Remember (or not!) the classic Allan Sherman song, “Hello Muddah, Hello Faddah,” the letter from an unhappy camper?
Today’s post involves something remarkably similar — except it’s updated. And it’s real. It comes to us from James Frank’s Wild Nature Adventure blog. “Ranger James” started and runs the Lure of the Wild Nature Camps in Catonsville, Maryland.
Smart Devices are Hurting Smart Kids, by Ranger James
As our camp’s Director my job is all about communication. To keep things running smoothly and safely I make a point to check in with our counselors and their campers as often as I can each day. I also talk with parents. A lot.
One particularly gorgeous afternoon last summer, I was hiking to check on the next counselor’s group when I got an unexpected text from a mom. It said simply “I’m here to pick up my kids.”
Early pickups are a routine thing; we just request a 20-minute heads up reminder so we can coordinate. We mark any planned early pickups at morning drop-off, and there wasn’t one on the sheet that day. The staff all confirmed that no one had been told about this one. So, as I doubled back along the trail to get her younger son from the group I’d just left, I phoned to let mom know we would be a few minutes. With some concern I added, “We weren’t expecting this pickup. Is everything okay?”
Why had this mom appeared out of nowhere?
“Oh,” she explained, “it’s just that they were uncomfortable at drop off, so I told the boys I’d come get them if they were having a hard time.”
My concern changed to confusion. I’d just seen her younger son playing with his group. He was really enjoying himself, completely engrossed in building a fort with his new friends. His counselor confirmed that he had been a little sluggish and quiet at the start of the day, but he’d warmed up with the rest of the kids and was fitting right in. As I walked with him up the hill to meet his mom, he told me all about how great the day was turning out. He loved camp, and he didn‘t want to leave his new friends.
I called on the radio to his older brother’s counselor. “How’s he doing?” I asked.
“He’s okay. At the moment he’s a little frustrated because the group doesn’t want to do the same thing he wants to do.”
“How’s he been otherwise,” I asked.
“Otherwise he’s been great.”
When should a parent swoop in?
In my head something still wasn’t lining up. It’s normal for groups of kids (and even adults) to not always agree on a plan. Why was mom really here so early?
When I arrived with her younger son, he told his mom how much fun he’d been having and that he didn’t want to go home. That’s when the truth came out: mom told him she had come because his older brother texted her on his smart watch when his group decided against his idea.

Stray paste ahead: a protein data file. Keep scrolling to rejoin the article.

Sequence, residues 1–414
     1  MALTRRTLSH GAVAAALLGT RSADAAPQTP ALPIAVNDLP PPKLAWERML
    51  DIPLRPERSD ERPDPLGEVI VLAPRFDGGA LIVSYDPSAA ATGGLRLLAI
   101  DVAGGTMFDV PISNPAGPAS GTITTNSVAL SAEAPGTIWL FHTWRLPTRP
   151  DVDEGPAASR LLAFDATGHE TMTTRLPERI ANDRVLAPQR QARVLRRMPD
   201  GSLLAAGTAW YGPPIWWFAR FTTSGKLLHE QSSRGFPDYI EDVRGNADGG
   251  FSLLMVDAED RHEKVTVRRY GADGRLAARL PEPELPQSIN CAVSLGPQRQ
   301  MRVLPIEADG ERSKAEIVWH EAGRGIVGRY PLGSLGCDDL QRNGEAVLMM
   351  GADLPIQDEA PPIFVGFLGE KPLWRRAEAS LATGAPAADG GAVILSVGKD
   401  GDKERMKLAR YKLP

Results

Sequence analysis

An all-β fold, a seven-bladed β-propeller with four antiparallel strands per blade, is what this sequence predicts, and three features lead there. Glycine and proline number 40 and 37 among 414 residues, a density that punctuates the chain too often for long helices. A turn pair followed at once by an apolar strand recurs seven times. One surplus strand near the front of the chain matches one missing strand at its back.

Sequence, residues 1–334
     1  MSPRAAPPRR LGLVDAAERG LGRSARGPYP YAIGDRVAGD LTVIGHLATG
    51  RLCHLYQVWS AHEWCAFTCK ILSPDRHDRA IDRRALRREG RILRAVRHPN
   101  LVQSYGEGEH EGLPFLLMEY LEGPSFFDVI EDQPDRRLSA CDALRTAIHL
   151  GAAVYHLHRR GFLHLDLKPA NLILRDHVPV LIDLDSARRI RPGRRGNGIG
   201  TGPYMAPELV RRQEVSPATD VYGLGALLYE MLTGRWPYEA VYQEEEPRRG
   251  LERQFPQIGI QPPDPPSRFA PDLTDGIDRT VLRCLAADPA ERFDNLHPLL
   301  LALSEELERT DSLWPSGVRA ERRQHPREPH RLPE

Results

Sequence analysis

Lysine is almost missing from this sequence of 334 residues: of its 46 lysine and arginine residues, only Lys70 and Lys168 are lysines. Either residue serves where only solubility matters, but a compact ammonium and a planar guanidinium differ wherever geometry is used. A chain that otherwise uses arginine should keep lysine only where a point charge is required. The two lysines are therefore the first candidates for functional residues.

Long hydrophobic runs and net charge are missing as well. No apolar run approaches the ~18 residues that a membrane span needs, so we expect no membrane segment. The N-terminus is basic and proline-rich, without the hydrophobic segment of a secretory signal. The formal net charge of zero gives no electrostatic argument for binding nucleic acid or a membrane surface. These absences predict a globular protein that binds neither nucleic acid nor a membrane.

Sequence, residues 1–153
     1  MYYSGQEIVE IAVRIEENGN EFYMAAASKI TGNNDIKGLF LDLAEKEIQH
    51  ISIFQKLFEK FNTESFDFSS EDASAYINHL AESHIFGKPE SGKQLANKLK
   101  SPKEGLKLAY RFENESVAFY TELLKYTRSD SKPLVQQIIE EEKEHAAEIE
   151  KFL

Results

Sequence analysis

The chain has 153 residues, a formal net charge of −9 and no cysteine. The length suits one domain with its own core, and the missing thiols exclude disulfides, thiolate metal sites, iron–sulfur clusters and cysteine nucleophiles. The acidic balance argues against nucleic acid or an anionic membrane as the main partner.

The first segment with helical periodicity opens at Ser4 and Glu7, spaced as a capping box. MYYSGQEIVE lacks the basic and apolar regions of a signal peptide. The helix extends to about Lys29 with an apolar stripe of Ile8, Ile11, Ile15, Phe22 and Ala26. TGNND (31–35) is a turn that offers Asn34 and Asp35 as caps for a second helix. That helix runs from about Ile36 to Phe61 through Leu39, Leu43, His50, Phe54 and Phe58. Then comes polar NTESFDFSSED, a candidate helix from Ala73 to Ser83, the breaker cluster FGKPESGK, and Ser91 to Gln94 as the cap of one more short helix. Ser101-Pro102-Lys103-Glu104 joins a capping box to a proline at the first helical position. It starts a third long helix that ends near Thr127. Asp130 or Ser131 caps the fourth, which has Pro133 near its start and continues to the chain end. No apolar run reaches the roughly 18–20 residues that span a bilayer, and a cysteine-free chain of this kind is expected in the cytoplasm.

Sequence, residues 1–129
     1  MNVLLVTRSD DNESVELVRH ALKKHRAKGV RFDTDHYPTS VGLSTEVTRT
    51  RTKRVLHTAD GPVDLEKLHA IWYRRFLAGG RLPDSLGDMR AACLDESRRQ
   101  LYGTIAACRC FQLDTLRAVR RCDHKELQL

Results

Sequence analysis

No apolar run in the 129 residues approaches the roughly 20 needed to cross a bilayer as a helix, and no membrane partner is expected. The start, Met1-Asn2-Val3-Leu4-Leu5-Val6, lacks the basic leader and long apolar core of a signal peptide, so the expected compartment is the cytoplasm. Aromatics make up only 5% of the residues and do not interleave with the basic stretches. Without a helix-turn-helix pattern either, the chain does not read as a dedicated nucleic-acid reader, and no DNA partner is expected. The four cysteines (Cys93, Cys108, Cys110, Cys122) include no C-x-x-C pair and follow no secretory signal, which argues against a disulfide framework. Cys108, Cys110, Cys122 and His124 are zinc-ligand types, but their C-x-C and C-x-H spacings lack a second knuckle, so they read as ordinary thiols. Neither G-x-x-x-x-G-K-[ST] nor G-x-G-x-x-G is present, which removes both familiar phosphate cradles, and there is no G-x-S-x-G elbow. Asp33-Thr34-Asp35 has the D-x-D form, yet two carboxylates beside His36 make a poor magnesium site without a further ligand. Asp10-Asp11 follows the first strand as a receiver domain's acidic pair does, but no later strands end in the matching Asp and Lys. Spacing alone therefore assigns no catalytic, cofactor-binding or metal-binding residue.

It all made sense now. But it still didn’t.
We broadcast our camp philosophy as “being comfortable being uncomfortable.” We talk frequently about how personal growth and social emotional development are the result of the things we do and don’t do, by design. We intentionally provide campers space to play freely so they can learn and build confidence through self-moderated challenges with minimal adult intervention. We’re there to gently help our campers when needed. It’s all over our website. It’s almost all we ever talk about with parents who are learning about it for the first time, and it’s the thing parents whose kids have attended rave about among friends and family and online reviews.
Undermining kids by being always reachable.
Using his smart watch, the boy was afforded the opportunity to quietly remove himself from working through a simple social challenge with his peers and his counselor. As we talked, mom realized also that she had undermined her younger son’s sense of accomplishment for having overcome his own fears. She knew the problem was the technology. Being digitally attached to her child had taken away his sense of control and increased her own anxiety. As we parted ways, to her son’s dismay she told him to leave the watch at home for the rest of the week.
At the end of a week devoid of his digital connection to his mom, the boy and his younger brother announced they had such a great time that they couldn’t wait to come back again next year.
There are countless studies that show how the technology infiltrating our lives continues to have significantly negative impacts on children’s developing brains. Today’s kids are getting more addicted to screens, further removed from nature, and scared of strangers (we used to call them “neighbors”). These are among the many reasons why we have a no technology policy at camp.
A smart watch may give you a sense of safety. It may help you keep tabs on where your child is at any given moment. But as parents we need to consider how being constantly connected to our growing children can interfere with their ability to learn and manage themselves well through everyday social scenarios. And isn’t that our ultimate goal?
“Ranger James” (James Frank) was raised by a multi-generational family of teachers and librarians. He spent weekends as a child in the woods while his dad read the newspaper nearby and actively ignored him. After two years of teaching in his own classroom, he decided he liked nature’s classroom better. Twenty years in, after developing and managing nature centers and programs on both US coasts, he started Lure of the Wild Nature Camps in Catonsville, Maryland. (Facebook page here.) The program is modeled on forest school and democratic education principles centered on free play with minimal adult intervention. When he’s not actively helping people feel comfortable enough to let their kids play by themselves, he throws copies of Let Grow Co-founder Dr. Peter Gray’s book Free to Learn at them like candy from a parade float.